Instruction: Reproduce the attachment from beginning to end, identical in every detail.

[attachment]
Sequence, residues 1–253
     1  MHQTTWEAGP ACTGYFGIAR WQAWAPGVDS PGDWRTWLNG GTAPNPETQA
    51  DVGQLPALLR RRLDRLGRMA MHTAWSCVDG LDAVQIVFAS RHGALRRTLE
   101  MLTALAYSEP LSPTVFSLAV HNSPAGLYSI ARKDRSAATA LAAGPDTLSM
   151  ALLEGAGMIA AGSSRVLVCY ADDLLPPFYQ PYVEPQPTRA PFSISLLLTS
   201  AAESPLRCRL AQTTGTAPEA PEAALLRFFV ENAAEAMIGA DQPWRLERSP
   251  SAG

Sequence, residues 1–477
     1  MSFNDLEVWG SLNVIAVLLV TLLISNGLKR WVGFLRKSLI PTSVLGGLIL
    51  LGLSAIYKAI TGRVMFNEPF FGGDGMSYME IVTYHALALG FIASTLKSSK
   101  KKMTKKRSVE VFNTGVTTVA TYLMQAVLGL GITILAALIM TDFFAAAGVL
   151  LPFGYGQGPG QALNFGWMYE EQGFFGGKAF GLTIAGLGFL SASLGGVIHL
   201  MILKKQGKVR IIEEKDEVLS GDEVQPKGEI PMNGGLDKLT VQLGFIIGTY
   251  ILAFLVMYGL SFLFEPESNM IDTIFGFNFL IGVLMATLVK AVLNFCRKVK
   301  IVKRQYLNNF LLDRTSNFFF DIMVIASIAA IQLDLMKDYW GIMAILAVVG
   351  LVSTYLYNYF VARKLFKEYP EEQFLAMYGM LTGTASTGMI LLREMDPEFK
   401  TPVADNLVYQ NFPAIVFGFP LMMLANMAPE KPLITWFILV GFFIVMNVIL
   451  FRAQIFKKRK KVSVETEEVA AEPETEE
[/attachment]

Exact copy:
Sequence, residues 1–253
     1  MHQTTWEAGP ACTGYFGIAR WQAWAPGVDS PGDWRTWLNG GTAPNPETQA
    51  DVGQLPALLR RRLDRLGRMA MHTAWSCVDG LDAVQIVFAS RHGALRRTLE
   101  MLTALAYSEP LSPTVFSLAV HNSPAGLYSI ARKDRSAATA LAAGPDTLSM
   151  ALLEGAGMIA AGSSRVLVCY ADDLLPPFYQ PYVEPQPTRA PFSISLLLTS
   201  AAESPLRCRL AQTTGTAPEA PEAALLRFFV ENAAEAMIGA DQPWRLERSP
   251  SAG

Sequence, residues 1–477
     1  MSFNDLEVWG SLNVIAVLLV TLLISNGLKR WVGFLRKSLI PTSVLGGLIL
    51  LGLSAIYKAI TGRVMFNEPF FGGDGMSYME IVTYHALALG FIASTLKSSK
   101  KKMTKKRSVE VFNTGVTTVA TYLMQAVLGL GITILAALIM TDFFAAAGVL
   151  LPFGYGQGPG QALNFGWMYE EQGFFGGKAF GLTIAGLGFL SASLGGVIHL
   201  MILKKQGKVR IIEEKDEVLS GDEVQPKGEI PMNGGLDKLT VQLGFIIGTY
   251  ILAFLVMYGL SFLFEPESNM IDTIFGFNFL IGVLMATLVK AVLNFCRKVK
   301  IVKRQYLNNF LLDRTSNFFF DIMVIASIAA IQLDLMKDYW GIMAILAVVG
   351  LVSTYLYNYF VARKLFKEYP EEQFLAMYGM LTGTASTGMI LLREMDPEFK
   401  TPVADNLVYQ NFPAIVFGFP LMMLANMAPE KPLITWFILV GFFIVMNVIL
   451  FRAQIFKKRK KVSVETEEVA AEPETEE